Automotive Fuel Pump Returns Stink. Literally.

Automotive Fuel Pump Returns Stink. Literally.

The same aroma of fuel that gets our adrenaline pumping at the local race track gives us a distinctly different feeling when we smell it at the front counter. Most customers don’t bring a used fuel pump to your counter unless there is a problem.

fuel-pump-returnsThe same aroma of fuel that gets our adrenaline pumping at the local race track gives us a distinctly different feeling when we smell it at the front counter. Most customers don’t bring a used fuel pump to your counter unless there is a problem. That problem may result from confusing multiple vehicle options, incorrect or careless cataloging, misdiagnosis, or occasionally, an actual manufacturing defect! One manufacturer estimates that 50 percent of all alleged defective returns on fuel pump modules have no actual defect, while 75 percent of those warranty pumps that are actually inoperative have suffered from exposure to outside factors such as vehicle wiring issues and fuel system contamination. After ruling out neglect, abuse, misapplication, or cataloging errors, the parts specialist is left with two possible conclusions: incorrect diagnosis or manufacturer defect.

Unfortunately, testing an alleged defective fuel pump requires a level of technical expertise and equipment beyond the scope of most DIYers, parts store personnel and even some less-equipped technicians. Accurate diagnosis and testing of electric fuel pumps has been an ongoing industry concern for decades, and the current generation of pulse-width modulated (PWM) fuel pumps can make diagnosis even more difficult for those who aren’t familiar with their unique operation.

The fuel pump found in a typical return-type fuel system operates at a 100 percent duty cycle. With the key on and the engine running, so is the fuel pump. Regardless of fuel demand, the pump spins at a constant rate, cycling fuel through the system. The returnless system features a PWM fuel pump, which can be described as an “on-demand” or “variable-speed” design. Depending on the engine’s fuel demands, computerized controls vary the duty cycle of the fuel pump to match the estimated need.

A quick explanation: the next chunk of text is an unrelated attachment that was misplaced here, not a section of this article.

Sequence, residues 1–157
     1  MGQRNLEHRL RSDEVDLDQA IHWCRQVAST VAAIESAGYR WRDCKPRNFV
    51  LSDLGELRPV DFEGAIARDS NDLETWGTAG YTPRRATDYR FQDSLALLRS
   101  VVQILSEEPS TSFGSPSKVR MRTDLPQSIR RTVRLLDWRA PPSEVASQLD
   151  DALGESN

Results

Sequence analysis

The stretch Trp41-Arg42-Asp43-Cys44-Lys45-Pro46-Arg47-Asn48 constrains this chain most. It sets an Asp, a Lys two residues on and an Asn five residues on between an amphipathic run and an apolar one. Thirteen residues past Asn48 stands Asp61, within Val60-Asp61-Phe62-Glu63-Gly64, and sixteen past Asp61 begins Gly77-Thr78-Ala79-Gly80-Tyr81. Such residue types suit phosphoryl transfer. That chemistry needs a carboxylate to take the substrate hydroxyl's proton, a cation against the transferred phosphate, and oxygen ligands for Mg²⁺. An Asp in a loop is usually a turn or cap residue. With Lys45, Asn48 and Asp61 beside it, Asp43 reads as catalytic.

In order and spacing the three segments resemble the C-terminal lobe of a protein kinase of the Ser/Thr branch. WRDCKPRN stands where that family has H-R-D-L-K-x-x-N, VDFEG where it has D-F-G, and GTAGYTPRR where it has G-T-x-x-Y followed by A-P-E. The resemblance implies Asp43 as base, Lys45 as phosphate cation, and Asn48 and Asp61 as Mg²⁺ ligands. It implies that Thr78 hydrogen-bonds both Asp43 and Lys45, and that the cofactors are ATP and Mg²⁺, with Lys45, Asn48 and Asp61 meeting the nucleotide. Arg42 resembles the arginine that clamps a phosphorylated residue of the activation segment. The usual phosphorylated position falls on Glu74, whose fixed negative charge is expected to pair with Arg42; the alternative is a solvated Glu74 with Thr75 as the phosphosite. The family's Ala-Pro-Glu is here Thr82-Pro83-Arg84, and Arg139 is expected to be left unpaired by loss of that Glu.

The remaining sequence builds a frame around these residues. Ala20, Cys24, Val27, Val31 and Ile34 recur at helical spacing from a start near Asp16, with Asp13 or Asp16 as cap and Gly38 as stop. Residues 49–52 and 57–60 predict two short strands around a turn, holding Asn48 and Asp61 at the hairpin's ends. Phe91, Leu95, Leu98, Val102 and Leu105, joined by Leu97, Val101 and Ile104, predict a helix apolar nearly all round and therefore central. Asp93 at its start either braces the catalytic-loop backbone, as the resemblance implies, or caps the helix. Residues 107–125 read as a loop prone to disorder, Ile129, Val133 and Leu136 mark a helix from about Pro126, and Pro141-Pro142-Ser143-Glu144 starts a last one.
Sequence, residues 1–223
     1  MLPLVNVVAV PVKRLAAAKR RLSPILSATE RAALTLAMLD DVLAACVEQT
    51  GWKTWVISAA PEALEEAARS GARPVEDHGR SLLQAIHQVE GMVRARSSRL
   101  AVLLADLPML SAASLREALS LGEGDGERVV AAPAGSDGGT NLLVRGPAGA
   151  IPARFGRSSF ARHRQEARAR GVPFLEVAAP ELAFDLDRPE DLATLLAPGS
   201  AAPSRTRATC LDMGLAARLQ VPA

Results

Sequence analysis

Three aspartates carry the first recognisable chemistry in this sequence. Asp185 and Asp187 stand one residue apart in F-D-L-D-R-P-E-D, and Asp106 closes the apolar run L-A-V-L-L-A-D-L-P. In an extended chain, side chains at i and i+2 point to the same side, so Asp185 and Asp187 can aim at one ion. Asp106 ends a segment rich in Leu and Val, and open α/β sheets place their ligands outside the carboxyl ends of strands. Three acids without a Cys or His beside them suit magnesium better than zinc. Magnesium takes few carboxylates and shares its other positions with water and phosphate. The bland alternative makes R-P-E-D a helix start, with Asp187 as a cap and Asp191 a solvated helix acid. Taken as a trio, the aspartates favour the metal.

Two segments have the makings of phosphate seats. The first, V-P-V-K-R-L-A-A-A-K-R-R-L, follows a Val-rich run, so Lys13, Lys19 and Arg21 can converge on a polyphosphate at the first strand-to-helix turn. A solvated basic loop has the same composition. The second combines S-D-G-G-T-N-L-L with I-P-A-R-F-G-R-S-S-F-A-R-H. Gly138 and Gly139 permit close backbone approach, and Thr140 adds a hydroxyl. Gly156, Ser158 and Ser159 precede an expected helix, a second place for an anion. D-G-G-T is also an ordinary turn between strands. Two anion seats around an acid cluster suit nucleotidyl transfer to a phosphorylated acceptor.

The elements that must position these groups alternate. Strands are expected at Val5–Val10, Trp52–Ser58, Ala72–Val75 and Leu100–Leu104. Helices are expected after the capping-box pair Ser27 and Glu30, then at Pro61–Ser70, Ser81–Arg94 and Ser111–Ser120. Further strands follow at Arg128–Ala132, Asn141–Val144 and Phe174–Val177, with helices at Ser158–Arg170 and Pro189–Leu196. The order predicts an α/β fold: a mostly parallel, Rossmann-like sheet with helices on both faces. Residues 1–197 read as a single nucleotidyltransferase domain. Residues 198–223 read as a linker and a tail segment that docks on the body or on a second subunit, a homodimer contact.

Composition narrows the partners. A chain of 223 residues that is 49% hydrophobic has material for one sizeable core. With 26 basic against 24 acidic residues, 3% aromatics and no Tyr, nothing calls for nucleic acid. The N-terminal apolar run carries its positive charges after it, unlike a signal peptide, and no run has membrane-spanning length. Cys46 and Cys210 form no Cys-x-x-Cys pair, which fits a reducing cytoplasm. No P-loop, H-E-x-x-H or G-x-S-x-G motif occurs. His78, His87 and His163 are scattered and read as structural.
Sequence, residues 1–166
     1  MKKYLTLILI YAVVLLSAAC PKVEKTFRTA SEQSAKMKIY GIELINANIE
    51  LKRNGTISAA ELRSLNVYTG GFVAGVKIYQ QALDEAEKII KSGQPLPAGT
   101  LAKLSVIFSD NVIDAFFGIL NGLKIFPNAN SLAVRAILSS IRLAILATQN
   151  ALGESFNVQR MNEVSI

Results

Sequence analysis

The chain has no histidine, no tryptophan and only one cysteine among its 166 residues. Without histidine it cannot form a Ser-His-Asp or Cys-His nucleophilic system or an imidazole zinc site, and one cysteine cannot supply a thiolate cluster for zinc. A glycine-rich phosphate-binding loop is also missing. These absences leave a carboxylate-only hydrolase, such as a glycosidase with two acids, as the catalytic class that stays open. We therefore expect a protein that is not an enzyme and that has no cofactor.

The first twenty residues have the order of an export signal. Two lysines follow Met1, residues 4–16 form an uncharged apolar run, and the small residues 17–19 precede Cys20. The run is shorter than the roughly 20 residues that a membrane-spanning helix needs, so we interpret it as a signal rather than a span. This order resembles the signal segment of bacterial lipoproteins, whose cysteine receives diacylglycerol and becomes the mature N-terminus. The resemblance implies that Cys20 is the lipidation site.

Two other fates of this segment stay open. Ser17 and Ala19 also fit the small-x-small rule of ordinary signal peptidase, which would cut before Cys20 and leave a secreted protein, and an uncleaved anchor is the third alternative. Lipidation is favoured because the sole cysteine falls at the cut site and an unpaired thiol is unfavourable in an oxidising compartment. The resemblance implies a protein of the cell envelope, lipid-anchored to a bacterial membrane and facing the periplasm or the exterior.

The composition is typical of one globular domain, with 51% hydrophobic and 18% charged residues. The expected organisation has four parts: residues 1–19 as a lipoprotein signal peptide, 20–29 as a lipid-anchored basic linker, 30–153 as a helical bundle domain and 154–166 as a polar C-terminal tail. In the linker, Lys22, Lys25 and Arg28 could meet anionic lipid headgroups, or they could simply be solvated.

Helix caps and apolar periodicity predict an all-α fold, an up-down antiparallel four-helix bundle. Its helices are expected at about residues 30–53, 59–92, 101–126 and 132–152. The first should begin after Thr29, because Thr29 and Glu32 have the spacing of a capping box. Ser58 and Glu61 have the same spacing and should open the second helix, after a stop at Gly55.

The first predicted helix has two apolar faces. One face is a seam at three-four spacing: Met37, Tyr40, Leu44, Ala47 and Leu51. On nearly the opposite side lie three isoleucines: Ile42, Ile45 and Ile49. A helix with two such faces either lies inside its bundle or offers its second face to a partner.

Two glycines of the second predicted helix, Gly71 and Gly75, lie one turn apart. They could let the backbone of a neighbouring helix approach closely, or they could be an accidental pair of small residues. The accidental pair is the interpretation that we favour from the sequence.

This rapid on-and-off switching of the pump (which occurs at a frequency in the thousands of cycles per second) can be viewed on a common digital voltmeter, but the on-screen display will show the average of the actual voltage as it pulses between zero volts (off) and 12 volts (on). At 50 percent duty cycle, this may only appear as 6 volts. Many technicians would read this as low voltage, and condemn the pump as defective, when in reality the pump may be performing as intended at a lower duty cycle. Using a multimeter with duty cycle and frequency scales can give the technician a better view of these rapid changes in voltage, but for truly effective fuel module testing, a bi-directional scan tool is required. A scan tool also is the only way of measuring fuel rail pressure on many of the newest fuel system designs, since there are no service ports and fuel pressure is monitored electronically by the PCM.

Prior to returnless systems, it was common for a defective fuel pump relay or damaged wiring harness to cause a fuel pump to appear weak or inoperative. These days, the fuel pump control module (which controls the switching function to the fuel pump itself) is the source of many a “defective” fuel pump claim. Many of us are already familiar with the corrosion problems that plague Ford’s fuel pump driver module, but similar issues exist with some late-model GM trucks. Both manufacturers locate the FPCM under the cargo box, where it exposed to corrosion and water intrusion. Failure of the FPCM results in an inoperative fuel pump, and a potential misdiagnosis. While the Ford FPCM is a “plug-and-play” replacement, GM requires their FPCM to be programmed after installation. This programming requires specialized tools and software that, like the advanced scan tools required to diagnose PWM pumps, are not readily available to the DIYer or casual installer.

At the counter, we are often obliged to defer to the diagnosis of the customer, especially when that customer is a professional technician and valued account. This can be exceptionally frustrating when we suspect that repeated fuel system-related failures are the result of misdiagnosis rather than an actual manufacturer’s defect. To help reduce these false claims, it is in our best interest to not only keep up to date on these technologies, but be prepared to share this information with our customers, too!

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